]. Such spatial limitation of transgene expression is not seen in 2-D monolayer cultures. In another study with the MCTS model, the use of 3-D spheroids revealed the difference in cytotoxicity of PEGylated and non-PEGylated polyplexes that was not detected with the 2-D monolayer cultures, indicating that vital cytotoxicity data can be excluded if vectors are screened solely in 2-D culture systems [46
]. Important differences in gene expression have also been noted between 2-D and 3-D systems [47
]. In some studies, hydrogels have been used as in vitro
scaffolds to support tissue formation by enhanced presentation of specific biological cues through locally controlled gene delivery of tissue inductive factors. Rieux et al. reported the use of fibrin based hydrogel, with cells encapsulated within or seeded onto the hydrogel, to investigate gene delivery efficacy using lipoplexes. They found that the transgene expression increased with time over a period of 11 days in culture and was significantly higher in 2-D as compared to 3-D cultures. Their study suggested that the hydrogel component fibrin interacts with and sequesters the lipoplexes thus limiting cellular internalization and causing a delay in expression [48
The comparison of transfection efficacy between 2-D and 3-D mammary epithelial cultures indicates that (a) transfection of the 3-D organotypic cultures is more difficult than transfection of 2-D cultures, but likely models some of the key challenges for in vivo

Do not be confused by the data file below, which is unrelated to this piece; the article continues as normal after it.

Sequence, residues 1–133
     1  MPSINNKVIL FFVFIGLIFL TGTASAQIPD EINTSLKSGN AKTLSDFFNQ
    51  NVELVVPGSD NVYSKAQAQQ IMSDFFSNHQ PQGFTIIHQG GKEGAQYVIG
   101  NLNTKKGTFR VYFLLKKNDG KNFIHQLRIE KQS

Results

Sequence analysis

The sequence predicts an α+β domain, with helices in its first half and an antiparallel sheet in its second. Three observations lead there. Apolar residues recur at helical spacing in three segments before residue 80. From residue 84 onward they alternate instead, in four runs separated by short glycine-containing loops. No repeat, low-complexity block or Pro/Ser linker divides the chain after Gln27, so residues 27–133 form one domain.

gene therapy and (b) many of the same variables that affect transfection efficiency in 2-D (e.g. MW, solvent, polymer structure) also effect transfection efficiency similarly in 3-D, but the magnitude of transfection is lower in 3-D. This study identified highly effective reagents for 2-D transfection and useful reagents and important parameters for 3-D transfection. As a part of future studies, developing improved 3-D assays would be useful for high throughput screening applications [24
] to identify next-generation materials. Use of these agents for partial transfection of mammary epithelial cells in vivo
would be interesting to study mosaic delivery of Cre recombinase [49
]. Partial transfection of a similar cell population may be sufficient for other in vivo
applications as well. One such application is suicide gene therapy for tumor regression. In this approach, a gene is delivered that encodes an enzyme that converts a prodrug to its active form. Thus, there is catalytic generation of a cytotoxic anti-cancer agent at the tumor site itself and this agent can diffuse to adjacent cells and deeper into the tumor. This approach has shown promise for breast cancer in early clinical trials [50
]. A related strategy is to introduce the suicide genes to cells of a preneoplastic tissue at risk, and these drug susceptible cells will then sensitize all the cells produced in the clonal population [51
]. In either case, there is an amplified anti-cancer response following initial cell transfection.